Door to Nature: Migrating Birds and Climate Change

Our winter weather this past year was more dry and a bit milder than normal, but that was not the case in the South during February. Most of the states from Texas and Oklahoma to the Carolinas and up to Kentucky were hit with a long period of freezing weather that caused power outages and major ice storms.

A member of Wisconsin’s birding community wrote in a recent email about a friend’s observances down south. The friend had read posts on the Wisconsin Birders’ Network about the lack of birds up here this spring. 

Here are his experiences with February’s weather in Oklahoma: 

“It all started down here with freezing drizzle on Feb. 8 – enough to coat everything. That is when the temperature went below freezing. The wind was out of the northeast and stayed that way for almost two weeks. It was below freezing here for 325 straight hours (13.5 days). On the 14th and 15th, we got four inches of snow. This was followed by another four inches on the 16th and 17th. On the morning of the 16th, it was 17 degrees below zero! At 7 am, our power went out for two hours, then came on again and stayed on. It finally went above freezing on the afternoon of the 19th. On the 23rd, the high was 71.

“The aftermath was bad. The cold had extended all the way to south Texas. There were no phoebes, sedge wrens, myrtle warblers or bluebirds to be found around here and very few sparrows. I walked into a wildlife area near here, almost a mile, and found two sparrows, both American tree sparrows. And those brutal conditions certainly covered a huge area throughout many Southern states, so we should not be surprised that the numbers of many species that spend the winter in those areas are down substantially.”

I heard about freezing rain in many areas and contacted a friend who lives in Kentucky. She was safe but noticed many shrubs that produce fruit and berries – which birds consume during the winter – were covered with ice. She found several dead songbirds that feed on these fruits. Birds cannot eat ice-covered berries.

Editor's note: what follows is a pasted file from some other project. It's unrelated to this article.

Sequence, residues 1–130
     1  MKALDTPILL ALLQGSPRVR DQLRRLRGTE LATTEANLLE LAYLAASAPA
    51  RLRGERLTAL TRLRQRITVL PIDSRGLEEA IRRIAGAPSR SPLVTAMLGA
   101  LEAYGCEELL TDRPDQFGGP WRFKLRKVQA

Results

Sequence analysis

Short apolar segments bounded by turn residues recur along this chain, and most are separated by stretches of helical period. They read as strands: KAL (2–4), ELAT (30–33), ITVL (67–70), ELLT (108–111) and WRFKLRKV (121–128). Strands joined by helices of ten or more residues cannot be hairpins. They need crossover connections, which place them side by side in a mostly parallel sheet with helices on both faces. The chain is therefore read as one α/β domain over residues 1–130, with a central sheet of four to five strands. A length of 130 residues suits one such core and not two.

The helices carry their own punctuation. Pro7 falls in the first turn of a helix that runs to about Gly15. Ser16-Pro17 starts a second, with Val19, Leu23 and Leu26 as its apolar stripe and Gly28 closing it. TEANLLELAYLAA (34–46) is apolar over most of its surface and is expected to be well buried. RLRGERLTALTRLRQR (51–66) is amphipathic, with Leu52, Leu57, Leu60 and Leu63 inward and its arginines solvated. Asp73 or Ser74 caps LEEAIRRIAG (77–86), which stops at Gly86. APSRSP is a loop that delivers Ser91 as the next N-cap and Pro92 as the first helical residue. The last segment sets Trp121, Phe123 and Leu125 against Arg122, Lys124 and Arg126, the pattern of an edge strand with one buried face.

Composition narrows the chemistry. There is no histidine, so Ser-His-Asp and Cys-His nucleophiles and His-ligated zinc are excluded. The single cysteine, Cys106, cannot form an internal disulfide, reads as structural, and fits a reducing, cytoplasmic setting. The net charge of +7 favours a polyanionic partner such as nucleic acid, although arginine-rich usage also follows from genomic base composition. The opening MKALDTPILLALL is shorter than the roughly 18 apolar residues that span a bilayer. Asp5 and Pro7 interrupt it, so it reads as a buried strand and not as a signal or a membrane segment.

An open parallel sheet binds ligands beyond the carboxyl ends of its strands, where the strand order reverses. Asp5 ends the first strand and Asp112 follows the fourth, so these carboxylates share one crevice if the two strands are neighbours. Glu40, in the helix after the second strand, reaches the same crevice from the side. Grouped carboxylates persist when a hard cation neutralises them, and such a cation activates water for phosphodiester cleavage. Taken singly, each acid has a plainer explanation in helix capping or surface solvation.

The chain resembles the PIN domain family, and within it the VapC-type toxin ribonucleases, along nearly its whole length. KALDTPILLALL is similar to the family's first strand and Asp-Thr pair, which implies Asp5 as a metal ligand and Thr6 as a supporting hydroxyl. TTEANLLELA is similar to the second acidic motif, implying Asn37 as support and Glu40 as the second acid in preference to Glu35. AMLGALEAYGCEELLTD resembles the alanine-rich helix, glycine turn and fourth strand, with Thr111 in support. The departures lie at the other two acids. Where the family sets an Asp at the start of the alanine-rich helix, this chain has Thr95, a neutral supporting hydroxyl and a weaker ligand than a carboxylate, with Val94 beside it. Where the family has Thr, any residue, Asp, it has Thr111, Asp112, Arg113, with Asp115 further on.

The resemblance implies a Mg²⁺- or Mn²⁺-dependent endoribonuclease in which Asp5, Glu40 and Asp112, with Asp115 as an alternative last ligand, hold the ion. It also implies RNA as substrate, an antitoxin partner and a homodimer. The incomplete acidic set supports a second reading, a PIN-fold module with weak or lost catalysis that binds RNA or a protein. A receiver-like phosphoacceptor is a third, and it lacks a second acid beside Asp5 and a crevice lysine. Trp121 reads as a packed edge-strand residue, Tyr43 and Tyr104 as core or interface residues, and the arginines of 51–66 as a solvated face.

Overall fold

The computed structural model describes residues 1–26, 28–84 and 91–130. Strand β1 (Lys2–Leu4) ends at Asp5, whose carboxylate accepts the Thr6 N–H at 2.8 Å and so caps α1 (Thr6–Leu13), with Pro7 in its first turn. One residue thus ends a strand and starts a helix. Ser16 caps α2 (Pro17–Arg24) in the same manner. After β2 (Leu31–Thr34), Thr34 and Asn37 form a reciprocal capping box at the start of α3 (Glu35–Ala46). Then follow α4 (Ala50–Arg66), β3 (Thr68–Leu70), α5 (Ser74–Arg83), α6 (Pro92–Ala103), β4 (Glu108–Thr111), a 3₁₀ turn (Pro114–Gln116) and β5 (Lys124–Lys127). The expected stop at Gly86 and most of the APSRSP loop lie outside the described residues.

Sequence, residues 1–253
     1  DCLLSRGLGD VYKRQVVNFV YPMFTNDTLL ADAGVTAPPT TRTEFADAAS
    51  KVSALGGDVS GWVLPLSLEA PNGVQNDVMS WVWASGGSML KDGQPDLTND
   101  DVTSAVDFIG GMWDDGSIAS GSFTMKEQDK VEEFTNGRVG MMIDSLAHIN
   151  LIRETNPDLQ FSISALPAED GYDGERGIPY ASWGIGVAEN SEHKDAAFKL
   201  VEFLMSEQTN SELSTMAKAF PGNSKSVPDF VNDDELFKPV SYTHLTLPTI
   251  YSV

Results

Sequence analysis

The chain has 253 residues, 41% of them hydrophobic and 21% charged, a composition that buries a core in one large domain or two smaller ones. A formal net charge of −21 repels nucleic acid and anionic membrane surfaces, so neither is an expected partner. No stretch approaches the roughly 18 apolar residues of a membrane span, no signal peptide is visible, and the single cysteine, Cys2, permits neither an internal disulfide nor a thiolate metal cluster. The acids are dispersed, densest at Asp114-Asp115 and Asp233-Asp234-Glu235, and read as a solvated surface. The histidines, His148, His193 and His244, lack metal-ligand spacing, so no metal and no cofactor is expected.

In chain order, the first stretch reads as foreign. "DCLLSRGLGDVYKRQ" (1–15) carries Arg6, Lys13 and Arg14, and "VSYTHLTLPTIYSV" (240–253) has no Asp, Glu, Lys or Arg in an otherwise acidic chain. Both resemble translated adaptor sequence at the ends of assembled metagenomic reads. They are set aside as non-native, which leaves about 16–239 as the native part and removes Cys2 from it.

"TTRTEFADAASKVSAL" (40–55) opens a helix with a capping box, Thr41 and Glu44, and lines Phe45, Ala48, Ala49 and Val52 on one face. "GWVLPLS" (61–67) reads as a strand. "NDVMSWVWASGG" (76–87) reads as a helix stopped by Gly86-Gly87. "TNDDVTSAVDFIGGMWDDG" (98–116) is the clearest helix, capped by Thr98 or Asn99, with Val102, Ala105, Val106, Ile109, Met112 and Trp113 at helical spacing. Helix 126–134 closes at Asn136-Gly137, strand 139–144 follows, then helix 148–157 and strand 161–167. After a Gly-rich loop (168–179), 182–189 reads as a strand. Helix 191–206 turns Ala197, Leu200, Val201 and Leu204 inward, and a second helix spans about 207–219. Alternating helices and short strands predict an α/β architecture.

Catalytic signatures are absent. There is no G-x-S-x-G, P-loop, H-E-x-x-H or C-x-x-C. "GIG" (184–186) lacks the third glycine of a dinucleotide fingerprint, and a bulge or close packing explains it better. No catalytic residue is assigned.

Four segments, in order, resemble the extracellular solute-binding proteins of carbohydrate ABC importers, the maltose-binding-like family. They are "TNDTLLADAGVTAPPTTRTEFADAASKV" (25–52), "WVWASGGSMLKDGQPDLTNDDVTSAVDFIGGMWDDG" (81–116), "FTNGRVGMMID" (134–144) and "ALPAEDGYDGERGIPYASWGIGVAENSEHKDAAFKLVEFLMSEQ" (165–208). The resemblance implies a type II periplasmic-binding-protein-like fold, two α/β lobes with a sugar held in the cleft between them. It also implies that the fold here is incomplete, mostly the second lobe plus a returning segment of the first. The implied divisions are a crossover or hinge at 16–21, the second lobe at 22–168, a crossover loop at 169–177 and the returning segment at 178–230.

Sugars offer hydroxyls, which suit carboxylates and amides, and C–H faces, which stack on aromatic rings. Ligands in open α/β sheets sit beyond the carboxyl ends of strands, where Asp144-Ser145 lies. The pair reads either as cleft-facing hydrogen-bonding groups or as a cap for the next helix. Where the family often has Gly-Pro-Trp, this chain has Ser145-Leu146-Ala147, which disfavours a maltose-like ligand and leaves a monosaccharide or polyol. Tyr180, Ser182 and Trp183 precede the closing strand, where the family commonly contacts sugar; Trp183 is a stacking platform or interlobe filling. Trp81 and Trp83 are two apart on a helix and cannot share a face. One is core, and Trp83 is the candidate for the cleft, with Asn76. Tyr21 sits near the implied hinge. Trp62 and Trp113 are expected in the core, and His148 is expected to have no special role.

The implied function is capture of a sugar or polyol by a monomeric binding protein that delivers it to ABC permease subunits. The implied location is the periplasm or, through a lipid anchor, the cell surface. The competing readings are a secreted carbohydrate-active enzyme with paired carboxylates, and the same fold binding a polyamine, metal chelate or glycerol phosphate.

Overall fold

Starting in 2007, my late husband, Roy, and I volunteered to coordinate Door County’s bluebird nest box monitors and checked the boxes on our trails weekly from early April to the beginning of September, when the breeding season ends.

These nest boxes are used by eastern bluebirds, tree swallows, house wrens and black-capped chickadees. It is important to maintain records over the years to see how the bird populations are faring.

My notes from last year show that at the beginning of May, I had 14 boxes with complete bluebird nests, and there were 52 eggs. At the same time this year, I had two bluebird nests with 10 eggs. Most of the other local monitors are finding the same problems: very few bluebirds. I contacted the coordinator of all the nest box monitors who volunteer for the Bluebird Restoration Association of Wisconsin, and the conditions are the same throughout the state. 

Reports have come in that many bluebirds died during the extended cold weather in February – they either froze to death or starved. This will probably set the bluebird population back for many years, depending on how future winters affect them.

Some people think climate change is a fallacy. They look at their local weather and say, “There’s no global warming here!” But it is not a local situation – it is worldwide. There is a tremendous difference between weather and climate.

Ice at the Earth’s poles is melting at a more rapid pace every year, adding to the amount of water in our oceans. Sea-level increase is gradually affecting many shorelines worldwide. As climate heats up through fossil fuels being burned, the air can hold more moisture. That makes for more intense storms and worse flooding. Just look at what the southern U.S. has endured in massive rain events during the past several years.

To quote my friend Bill Volkert, “The unusually cold weather and winter storms in Texas, and last summer’s fires out west, underscore the problems of climate change. We have already converted so much natural habitat for our own uses that birds have become confined to smaller spaces and in smaller numbers. These weather events are becoming more severe and more frequent and are having an even greater impact on our birds than before. When populations decline, the loss of a hundred thousand birds is far greater in a population of a million than one of 10 million. I think that the world is trying to tell us something, and I hope we listen.”

The “canary in the coal mine” is really all the birds that we are putting at risk with our consumption of the Earth.